FoodCorps is devoted to understanding the impact our activities are having on people, places, and systems. We aim to produce a measurably healthier school food environment and serve as a resource to researchers across the school food field.
“It takes more than books for children to learn. And FoodCorps teaches kids to love real food so they eat it when I put it on the tray!”
—Betti Wiggins, Executive Director of the Office of Food Services at Detroit Public Schools
What We Measure
Changes in attitudes: Studying sample groups in our first year, we learned that 65% of service members’ participating classrooms demonstrably improved their attitudes toward trying new fruits and vegetables. Kids’ attitudes toward healthy foods are an important precursor to adopting lifelong healthy behaviors. This survey was done in partnership with the University of North Carolina’s Center for Health Promotion and Disease Prevention, and findings from our second year will be available in late 2013.
Changes in schools: Through the FoodCorps Landscape Assessment, we measure changes happening across each of our participating schools that help make them healthier places to learn, work, and play. Since schools are where kids spend the majority of their day, it’s critical that the surrounding environment supports them in making healthy decisions and developing healthy habits. In the last year, 66% of schools where FoodCorps serves made better use of their gardens. Another 60% of schools made improvements to their cafeteria environments to promote healthy eating.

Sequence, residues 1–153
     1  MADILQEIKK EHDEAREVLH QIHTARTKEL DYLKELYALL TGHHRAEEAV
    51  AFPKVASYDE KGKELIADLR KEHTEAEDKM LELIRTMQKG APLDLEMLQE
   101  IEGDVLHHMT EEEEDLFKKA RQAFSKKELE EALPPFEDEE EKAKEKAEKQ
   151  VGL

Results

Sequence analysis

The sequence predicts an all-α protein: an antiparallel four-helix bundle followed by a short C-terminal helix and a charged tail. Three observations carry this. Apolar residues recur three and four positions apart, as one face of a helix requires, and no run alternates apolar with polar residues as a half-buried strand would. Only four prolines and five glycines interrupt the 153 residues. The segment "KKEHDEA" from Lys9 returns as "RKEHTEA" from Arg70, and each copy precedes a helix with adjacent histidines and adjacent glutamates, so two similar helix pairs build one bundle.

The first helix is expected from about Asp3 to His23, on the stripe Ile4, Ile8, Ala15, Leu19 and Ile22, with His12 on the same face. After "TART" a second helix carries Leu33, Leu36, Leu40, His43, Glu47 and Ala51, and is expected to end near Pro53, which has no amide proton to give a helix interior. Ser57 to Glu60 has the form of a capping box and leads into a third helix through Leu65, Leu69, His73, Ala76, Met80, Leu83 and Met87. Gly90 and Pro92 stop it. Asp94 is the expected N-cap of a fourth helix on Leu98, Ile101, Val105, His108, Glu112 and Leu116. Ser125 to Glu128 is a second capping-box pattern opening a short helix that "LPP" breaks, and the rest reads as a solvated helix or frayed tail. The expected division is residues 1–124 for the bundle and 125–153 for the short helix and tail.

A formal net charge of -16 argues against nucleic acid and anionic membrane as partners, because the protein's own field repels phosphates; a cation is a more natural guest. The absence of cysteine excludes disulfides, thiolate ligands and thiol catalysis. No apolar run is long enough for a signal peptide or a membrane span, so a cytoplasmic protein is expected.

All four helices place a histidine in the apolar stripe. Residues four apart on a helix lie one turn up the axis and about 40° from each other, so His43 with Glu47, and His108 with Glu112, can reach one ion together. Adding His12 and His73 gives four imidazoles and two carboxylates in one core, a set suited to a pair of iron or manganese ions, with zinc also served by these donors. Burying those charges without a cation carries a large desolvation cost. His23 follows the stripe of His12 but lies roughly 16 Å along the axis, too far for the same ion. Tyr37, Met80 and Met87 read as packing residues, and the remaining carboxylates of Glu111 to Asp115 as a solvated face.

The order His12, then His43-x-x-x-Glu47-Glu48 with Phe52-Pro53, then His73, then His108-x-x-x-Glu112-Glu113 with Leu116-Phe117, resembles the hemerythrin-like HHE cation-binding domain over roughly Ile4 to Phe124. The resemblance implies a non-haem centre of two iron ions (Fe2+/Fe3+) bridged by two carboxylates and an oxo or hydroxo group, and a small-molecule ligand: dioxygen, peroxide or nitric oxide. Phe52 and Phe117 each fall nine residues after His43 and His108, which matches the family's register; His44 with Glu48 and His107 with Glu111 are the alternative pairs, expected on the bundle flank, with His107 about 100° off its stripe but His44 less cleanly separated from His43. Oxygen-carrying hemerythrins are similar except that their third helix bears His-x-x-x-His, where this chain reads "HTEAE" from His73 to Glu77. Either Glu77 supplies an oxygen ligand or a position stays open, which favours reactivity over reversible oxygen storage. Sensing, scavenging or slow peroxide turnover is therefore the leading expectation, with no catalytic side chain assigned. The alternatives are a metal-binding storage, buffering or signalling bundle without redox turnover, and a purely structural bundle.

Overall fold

Changes at home: We are interested in understanding how FoodCorps’ lessons reach beyond the garden and classroom and into the home. We are currently developing a pilot survey with researchers at California Polytechnic University to collect feedback from parents whose children have received instruction from our service members, so we can better understand the impact FoodCorps is having at the family dinner table and in the grocery aisle––not just on the lunch line.
“I can tell that kids that I've spent time with are more adventurous eaters -- instead of being timid or afraid they jump at the chance to try new foods, especially when its something they've grown in the garden.”